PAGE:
Wednesday, August 04, 2010
Imagined Asked Questions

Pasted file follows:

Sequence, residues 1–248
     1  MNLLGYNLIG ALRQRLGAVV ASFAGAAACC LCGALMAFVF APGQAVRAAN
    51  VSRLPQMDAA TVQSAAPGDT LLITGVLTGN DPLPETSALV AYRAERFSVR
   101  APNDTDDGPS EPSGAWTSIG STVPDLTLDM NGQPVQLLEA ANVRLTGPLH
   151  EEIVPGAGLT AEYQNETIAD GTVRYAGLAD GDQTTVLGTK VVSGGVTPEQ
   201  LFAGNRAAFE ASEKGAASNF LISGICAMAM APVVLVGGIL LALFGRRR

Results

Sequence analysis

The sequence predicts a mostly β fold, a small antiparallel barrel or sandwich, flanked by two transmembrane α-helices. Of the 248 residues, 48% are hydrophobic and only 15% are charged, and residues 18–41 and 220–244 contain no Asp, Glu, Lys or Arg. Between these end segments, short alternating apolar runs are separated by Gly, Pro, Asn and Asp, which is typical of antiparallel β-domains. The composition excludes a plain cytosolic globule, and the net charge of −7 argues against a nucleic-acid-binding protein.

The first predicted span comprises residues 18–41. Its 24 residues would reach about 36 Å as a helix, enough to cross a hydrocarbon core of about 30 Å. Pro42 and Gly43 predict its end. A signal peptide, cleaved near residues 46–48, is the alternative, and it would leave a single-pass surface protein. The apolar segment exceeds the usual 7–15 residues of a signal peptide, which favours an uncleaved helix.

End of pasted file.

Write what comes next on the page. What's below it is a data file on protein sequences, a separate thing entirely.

It's fig, glorious fig season here in Georgia, and while looking at the two fig preserve recipes in my book I realized I hadn't made something clear. Some figs, as many of you probably know, are—like some tomatoes—not quite acidic enough to can in a boiling-water bath unless acid is added; here I use lemon and lemon juice, in quantities that should be—and have been, in my experience—sufficient. (The USDA/NCHFP, e.g., suggests 2 tablespoons lemon juice per quart of preserved figs in a light syrup; my recipes each make 4 half-pint jars and call for 1 lemon and 3 tablespoons, respectively.) What I didn't make clear is that the lemon or lemon juice in those two recipes (slow-roasted fig preserves with lemon, and honeyed fig jam with sesame seeds) is necessary for preservation purposes and should not be viewed as optional. These preserves, like most in the book, are low in sugar, so you need the added acid to make sure the pH is in the safe range. If you don't have lemon juice or aren't comfortable making a not-sugar-saturated fig preserve, these recipes make such small quantities that you could certainly just skip the canning and keep them in the fridge, from which they'll quickly disappear.